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From Steve Loughran <ste...@apache.org>
Subject Re: Hadoop cluster hardware details for big data
Date Wed, 06 Jul 2011 11:31:17 GMT
On 06/07/11 11:43, Karthik Kumar wrote:
> Hi,
>
> Has anyone here used hadoop to process more than 3TB of data? If so we
> would like to know how many machines you used in your cluster and
> about the hardware configuration. The objective is to know how to
> handle huge data in Hadoop cluster.
>

This is too vague a question. What do you mean "process?". Scan through 
some logs looking for values? You could do that on a single machine if 
you weren't in a rush and you have enough disks, you'd just be very IO 
bound, and to be honest HDFS needs a minimum number of machines to 
become fault tolerant. Do complex matrix operations that use lots of RAM 
and CPU? You'll need more machines.

If your cluster has a blocksize of 512MB then a 3TB file fits into 
(3*1024*1024)/512 blocks: 6144. so you can't have more than 6144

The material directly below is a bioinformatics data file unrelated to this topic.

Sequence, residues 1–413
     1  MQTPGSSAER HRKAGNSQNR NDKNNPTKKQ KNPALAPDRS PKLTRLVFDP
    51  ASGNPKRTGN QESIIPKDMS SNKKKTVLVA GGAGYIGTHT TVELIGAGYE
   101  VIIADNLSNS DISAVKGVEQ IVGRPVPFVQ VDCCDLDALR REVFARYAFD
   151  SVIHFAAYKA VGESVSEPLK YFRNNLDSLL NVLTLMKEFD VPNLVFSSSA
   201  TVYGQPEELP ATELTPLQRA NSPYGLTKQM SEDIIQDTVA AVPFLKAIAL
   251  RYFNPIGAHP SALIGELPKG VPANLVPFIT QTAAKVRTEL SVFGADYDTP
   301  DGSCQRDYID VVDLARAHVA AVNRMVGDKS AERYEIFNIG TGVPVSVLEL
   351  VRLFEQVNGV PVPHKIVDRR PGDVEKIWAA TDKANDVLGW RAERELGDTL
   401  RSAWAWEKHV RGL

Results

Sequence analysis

machines anyway -that's your theoretical maximum, even if your name is 
Facebook or Yahoo!

What you are looking for is something in between 10 and 6144, the exact 
number driven by
  -how much compute you need to do, and how fast you want it done 
(controls #of CPUs, RAM)
  -how much total HDD storage you anticipate needing
  -whether you want to do leading-edge GPU work (good performance on 
some tasks, but limited work per machine)

You can use benchmarking tools like gridmix3 to get some more data on 
the characteristics of your workload, which you can then take to your 
server supplier to say "this is what we need, what can you offer?" 
Otherwise everyone is just guessing.

Remember also that you can add more racks later, but you will need to 
plan ahead on datacentre space, power and -very importantly- how you are 
going to expand the networking. Life is simplest if everything fits into 
one rack, but if you plan to expand you need to have a roadmap of how to 
connect that rack to some new ones, which means adding fast interconnect 
between different top of rack switches. You also need to worry about how 
to get data in and out fast.


-Steve

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